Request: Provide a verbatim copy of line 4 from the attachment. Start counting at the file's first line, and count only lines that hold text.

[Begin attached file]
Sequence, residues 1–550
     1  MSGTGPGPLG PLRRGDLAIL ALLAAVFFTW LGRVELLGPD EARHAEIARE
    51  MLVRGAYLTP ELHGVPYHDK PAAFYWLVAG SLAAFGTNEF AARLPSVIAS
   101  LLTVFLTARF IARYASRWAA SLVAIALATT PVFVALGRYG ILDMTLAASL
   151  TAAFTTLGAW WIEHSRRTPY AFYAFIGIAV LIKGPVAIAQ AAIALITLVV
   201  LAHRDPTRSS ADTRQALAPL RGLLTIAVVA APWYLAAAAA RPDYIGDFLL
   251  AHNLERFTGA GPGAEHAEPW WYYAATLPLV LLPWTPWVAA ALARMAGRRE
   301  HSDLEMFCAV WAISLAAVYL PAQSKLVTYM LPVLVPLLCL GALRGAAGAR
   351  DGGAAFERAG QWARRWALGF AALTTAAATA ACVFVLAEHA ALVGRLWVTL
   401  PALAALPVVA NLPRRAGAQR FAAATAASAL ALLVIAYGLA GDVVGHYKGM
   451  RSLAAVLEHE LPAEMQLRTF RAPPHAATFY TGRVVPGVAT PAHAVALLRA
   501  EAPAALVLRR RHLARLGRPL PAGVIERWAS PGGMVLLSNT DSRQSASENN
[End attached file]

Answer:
   101  LLTVFLTARF IARYASRWAA SLVAIALATT PVFVALGRYG ILDMTLAASL